The clinical trial process is the complicated system that is used to test drugs in people. There are different types of clinical trials, and different phases of clinical trials.

Types of Clinical Trials

Observational: In this type of study, participants are observed for the purpose of describing and measuring disease progression. Though no drugs are tested, this type of study is vital for developing methods that can speed the testing of new drugs. The Huntington Study Group trials PHAROS (completed), PREDICT, and COHORT are examples of observational trials. The upcoming Enroll-HD will be an observational study offered in Europe, North America, South America and Australia.

Open Label: In this type of trial, participants and doctors know that active drug is used for each participant. This method occurs in phase I, or first safety testing of a new drug. It also is used for providing experimental drug after a participant completes a placebo-controlled trial and during the process of drug approval.

Randomized Double Blinded Placebo Controlled: In this type of trial, participants are randomized by a secret lottery system to receive either active drug or inactive placebo. In this situation drug and placebo pills are designed to look the same, and neither the participant or the investigator will know who receives active drug or placebo. Only those who analyze results will know which participant (identified by number, not name) took active drug, and which did not. This type of trial gives best scientific results and is almost always required by the FDA for drug approval.

Phases of Clinical Trials

Phase I: Phase I tests for drug safety and tolerability over a wide range of dosages. This early phase includes includes a small number of volunteers, and looks for side effects at each dosage level. The drug's chemical effects on different body organs and how the drug is metabolized. This type of study is intensive and usually requires hospitalization (in a clinical trial unit) and takes only days or weeks of time.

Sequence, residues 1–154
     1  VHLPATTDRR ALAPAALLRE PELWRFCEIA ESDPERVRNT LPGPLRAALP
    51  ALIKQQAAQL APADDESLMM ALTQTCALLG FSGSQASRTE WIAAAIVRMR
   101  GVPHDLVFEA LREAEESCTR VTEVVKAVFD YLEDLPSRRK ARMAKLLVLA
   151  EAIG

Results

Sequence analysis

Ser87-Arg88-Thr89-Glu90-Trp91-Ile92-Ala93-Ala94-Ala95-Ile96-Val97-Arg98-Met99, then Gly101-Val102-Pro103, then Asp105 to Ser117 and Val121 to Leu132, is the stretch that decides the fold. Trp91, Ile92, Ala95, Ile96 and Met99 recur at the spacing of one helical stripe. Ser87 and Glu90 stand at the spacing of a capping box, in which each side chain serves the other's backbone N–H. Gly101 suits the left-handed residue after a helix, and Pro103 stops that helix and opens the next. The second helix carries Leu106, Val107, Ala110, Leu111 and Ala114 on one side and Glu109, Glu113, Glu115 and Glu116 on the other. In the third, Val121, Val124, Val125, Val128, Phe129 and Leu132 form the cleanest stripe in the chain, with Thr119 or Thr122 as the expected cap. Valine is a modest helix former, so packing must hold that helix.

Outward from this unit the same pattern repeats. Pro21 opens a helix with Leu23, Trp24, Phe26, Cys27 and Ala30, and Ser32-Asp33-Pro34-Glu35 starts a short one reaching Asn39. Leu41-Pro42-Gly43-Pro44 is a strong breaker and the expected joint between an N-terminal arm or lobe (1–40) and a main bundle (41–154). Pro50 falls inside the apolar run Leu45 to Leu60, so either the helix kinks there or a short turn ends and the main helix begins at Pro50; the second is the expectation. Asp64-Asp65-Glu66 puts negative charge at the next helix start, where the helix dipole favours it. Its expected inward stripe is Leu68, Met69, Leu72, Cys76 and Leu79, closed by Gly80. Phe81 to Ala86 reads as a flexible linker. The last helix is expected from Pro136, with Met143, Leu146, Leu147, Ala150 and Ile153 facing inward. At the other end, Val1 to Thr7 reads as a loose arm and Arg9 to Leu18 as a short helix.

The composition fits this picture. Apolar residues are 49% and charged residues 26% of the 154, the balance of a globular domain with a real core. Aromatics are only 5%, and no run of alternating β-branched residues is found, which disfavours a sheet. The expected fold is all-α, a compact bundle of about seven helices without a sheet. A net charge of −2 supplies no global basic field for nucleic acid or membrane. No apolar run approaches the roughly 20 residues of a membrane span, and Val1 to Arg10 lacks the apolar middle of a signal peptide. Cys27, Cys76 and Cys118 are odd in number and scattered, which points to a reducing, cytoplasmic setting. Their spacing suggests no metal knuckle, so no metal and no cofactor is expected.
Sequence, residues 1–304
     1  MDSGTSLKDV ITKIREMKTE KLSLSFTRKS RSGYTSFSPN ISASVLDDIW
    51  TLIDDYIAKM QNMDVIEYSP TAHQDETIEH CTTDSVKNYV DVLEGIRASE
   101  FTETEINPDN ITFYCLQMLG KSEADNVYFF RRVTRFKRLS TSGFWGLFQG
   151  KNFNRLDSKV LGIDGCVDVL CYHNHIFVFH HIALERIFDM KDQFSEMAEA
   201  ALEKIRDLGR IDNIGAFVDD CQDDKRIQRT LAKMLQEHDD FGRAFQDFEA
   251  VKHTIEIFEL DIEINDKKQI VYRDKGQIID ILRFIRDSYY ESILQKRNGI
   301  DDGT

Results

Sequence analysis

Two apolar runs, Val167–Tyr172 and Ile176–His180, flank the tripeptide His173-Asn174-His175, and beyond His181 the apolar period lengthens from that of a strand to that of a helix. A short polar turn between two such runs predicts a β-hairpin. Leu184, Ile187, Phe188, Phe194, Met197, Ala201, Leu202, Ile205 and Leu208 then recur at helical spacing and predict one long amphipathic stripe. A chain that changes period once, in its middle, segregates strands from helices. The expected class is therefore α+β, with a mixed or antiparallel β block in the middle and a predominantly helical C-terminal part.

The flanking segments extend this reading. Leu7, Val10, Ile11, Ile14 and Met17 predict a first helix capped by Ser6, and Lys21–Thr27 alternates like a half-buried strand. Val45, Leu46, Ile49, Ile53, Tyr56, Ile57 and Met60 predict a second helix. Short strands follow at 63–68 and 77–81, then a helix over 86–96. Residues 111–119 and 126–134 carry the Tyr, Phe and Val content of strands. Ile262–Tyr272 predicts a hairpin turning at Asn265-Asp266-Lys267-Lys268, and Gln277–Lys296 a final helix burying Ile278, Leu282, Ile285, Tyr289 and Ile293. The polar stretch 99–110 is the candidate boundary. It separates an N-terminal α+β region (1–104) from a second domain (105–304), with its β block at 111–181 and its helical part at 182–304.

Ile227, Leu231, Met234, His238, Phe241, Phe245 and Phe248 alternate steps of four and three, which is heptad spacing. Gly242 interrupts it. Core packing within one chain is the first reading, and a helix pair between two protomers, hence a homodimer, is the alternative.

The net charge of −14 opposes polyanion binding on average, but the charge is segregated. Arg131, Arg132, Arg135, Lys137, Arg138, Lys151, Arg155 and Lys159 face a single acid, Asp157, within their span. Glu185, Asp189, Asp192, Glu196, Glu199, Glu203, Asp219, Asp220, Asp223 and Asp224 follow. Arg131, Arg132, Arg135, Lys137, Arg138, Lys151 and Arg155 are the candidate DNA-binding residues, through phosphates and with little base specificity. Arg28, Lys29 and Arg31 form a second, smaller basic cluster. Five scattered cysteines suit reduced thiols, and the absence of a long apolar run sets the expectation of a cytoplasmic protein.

Phase II: Phase II tests the drug in a dose range chosen from phase I. Though this type of trial can give preliminary efficacy results, or information about whether a drug may work, its primary purpose is to test for safety. This phase of testing needs more people, often in the range of 50-200 or more. This phase is measured in months of time for some drugs, and years of time for others. Time in this phase (and in phase III) in Huntington's greatly depends on what endpoint is tested. Often the endpoint chosen for phase III, is the one that gave the best results in phase II. Motor or cognitive endpoints will likely take less time than functional capacity endpoints. The "best" endpoint for neuroprotection is not known.

Phase III: After phase II studies suggest safety and effectiveness in a small number of people, the drug goes to phase III. Testing is on a much larger scale, requiring several hundred participants who take either active drug or placebo. This is by far the most expensive phase, taking millions of dollars. It is also the most lengthy clinical trial phase. Like phase II, time to results in phase III depends greatly on the endpoint. Using pharmaceutical industry statistics, only one of three trials that are successful in phase II will succeed in phase III. For trials in neurodegenerative diseases, the success rate is even less, closer to 1 in 10.

Regulatory Phase: If phase III trials are successful, the FDA review process begins. FDA review of drugs for Huntington's (an orphan disease) is faster than the average, but can add as much as a year (or more) to the process of drug approval. Or, as in the case of tetrabenazine, it may be longer. In this case, the FDA required more information and testing before drug approval is reconsidered.

Phase IV: In some cases, the FDA can require that the drug company perform another trial after FDA approval that monitors for side effects with prolonged use of the drug.